|  1 | SIMPLE      | pv    | ref  | product_variant_product_fk | product_variant_product_fk | 4       | db.p.id |      1 |                |
+----+-------------+-------+------+----------------------------+----------------------------+---------+---------+--------+----------------+
2 rows in set (0.00 sec)

For a million rows, this is pretty slow. I've tried adding an index on products.name with:

ALTER TABLE products ADD INDEX `product_name_idx` (name(512));

which gives this:

mysql> show indexes from products;
+----------+------------+------------------+--------------+-----------------+-----------+-------------+----------+--------+------+------------+---------+---------------+
| Table    | Non_unique | Key_name         | Seq_in_index | Column_name     | Collation | Cardinality | Sub_part | Packed | Null | Index_type | Comment | Index_comment |
+----------+------------+------------------+--------------+-----------------+-----------+-------------+----------+--------+------+------------+---------+---------------+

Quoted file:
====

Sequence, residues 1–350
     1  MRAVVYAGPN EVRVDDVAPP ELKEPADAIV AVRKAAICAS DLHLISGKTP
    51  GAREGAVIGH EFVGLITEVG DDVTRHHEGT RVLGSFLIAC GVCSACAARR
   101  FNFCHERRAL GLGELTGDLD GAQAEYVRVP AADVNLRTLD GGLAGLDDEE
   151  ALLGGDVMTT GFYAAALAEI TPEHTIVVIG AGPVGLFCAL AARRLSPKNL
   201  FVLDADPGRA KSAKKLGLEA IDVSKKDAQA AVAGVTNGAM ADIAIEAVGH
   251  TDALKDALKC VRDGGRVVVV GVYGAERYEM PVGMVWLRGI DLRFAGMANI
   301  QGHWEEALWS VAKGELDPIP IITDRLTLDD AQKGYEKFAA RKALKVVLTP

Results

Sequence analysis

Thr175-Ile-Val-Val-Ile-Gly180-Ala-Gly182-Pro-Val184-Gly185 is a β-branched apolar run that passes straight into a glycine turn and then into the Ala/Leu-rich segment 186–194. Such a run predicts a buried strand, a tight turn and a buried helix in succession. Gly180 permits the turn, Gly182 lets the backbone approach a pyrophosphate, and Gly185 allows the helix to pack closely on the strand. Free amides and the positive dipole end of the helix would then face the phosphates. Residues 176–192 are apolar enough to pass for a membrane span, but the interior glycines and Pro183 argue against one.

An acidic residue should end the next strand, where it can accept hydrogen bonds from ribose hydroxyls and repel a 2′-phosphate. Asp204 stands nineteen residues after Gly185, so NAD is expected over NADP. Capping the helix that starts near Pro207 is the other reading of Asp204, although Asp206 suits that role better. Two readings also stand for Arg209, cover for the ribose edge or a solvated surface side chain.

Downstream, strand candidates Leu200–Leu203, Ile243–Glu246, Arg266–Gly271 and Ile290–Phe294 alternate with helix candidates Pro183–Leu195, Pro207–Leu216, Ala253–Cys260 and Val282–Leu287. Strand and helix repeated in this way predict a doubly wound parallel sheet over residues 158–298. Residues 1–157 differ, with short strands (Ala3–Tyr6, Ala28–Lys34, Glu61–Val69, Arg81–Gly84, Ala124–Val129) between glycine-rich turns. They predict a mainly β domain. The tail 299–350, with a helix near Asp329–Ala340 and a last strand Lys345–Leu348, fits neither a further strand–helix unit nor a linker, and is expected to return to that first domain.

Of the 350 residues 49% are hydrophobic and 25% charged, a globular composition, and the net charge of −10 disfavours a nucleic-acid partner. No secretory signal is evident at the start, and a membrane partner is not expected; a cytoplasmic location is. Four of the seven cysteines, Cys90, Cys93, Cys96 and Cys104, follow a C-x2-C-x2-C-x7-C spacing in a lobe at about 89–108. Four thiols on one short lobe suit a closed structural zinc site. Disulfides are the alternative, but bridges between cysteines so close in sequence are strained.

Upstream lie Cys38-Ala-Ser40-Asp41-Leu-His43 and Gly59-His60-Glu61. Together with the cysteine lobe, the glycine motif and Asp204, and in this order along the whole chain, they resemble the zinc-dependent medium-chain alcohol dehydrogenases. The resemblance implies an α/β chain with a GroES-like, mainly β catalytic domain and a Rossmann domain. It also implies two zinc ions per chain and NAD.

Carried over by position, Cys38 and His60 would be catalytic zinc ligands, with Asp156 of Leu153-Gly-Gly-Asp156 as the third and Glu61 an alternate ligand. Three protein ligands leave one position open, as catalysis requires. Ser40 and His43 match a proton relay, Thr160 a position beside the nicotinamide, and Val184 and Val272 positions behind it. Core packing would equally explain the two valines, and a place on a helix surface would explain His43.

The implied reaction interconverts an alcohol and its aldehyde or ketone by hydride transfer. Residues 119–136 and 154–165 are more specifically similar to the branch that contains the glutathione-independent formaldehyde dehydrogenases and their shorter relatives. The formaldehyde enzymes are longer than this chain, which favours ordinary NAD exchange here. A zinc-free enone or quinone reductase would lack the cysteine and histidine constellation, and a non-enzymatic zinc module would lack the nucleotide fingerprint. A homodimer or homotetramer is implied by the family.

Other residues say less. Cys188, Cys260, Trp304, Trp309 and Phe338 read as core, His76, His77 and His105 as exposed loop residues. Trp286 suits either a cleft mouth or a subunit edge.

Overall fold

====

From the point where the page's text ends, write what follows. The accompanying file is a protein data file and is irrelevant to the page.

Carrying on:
| products |          0 | PRIMARY          |            1 | id              | A         |      993658 |     NULL | NULL   |      | BTREE      |         |               |
| products |          1 | product_manf_fk  |            1 | manufacturer_id | A         |          18 |     NULL | NULL   | YES  | BTREE      |         |               |
| products |          1 | product_name_idx |            1 | name            | A         |         201 |      255 | NULL   |      | BTREE      |         |               |
+----------+------------+------------------+--------------+-----------------+-----------+-------------+----------+--------+------+------------+---------+---------------+